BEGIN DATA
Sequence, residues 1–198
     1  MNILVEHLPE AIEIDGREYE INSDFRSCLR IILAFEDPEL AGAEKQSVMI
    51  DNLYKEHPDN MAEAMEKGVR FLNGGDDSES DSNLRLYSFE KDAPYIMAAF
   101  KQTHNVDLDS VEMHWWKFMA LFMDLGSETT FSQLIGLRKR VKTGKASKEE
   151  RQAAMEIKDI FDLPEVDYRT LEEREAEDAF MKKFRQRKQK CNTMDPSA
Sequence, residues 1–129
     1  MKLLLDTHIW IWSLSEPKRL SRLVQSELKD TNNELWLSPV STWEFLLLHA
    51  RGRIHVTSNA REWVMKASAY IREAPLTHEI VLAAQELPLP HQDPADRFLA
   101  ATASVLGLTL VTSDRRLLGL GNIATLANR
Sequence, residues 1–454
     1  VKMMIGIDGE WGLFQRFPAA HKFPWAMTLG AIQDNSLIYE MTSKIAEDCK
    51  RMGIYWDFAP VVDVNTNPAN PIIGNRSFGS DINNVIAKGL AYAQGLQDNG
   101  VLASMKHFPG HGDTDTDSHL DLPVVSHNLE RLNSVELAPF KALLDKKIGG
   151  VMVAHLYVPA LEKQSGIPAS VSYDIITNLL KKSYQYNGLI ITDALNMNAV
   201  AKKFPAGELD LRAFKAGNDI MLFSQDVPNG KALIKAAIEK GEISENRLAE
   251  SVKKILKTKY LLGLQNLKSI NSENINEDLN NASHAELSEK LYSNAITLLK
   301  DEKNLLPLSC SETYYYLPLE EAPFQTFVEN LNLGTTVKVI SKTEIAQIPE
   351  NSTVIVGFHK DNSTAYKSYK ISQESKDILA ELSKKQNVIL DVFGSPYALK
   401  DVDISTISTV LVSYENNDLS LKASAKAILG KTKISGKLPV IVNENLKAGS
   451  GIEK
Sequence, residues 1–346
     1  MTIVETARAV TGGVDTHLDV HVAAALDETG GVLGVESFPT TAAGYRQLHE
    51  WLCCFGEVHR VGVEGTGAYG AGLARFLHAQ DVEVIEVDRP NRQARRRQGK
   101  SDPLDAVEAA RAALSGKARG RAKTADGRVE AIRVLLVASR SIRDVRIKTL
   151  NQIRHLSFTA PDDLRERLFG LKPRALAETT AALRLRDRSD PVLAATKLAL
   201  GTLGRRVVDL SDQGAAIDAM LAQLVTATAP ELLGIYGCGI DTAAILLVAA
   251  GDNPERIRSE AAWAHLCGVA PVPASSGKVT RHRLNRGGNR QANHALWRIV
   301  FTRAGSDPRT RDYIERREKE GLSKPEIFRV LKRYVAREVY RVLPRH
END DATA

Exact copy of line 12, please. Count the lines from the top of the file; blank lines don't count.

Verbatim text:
    51  RMGIYWDFAP VVDVNTNPAN PIIGNRSFGS DINNVIAKGL AYAQGLQDNG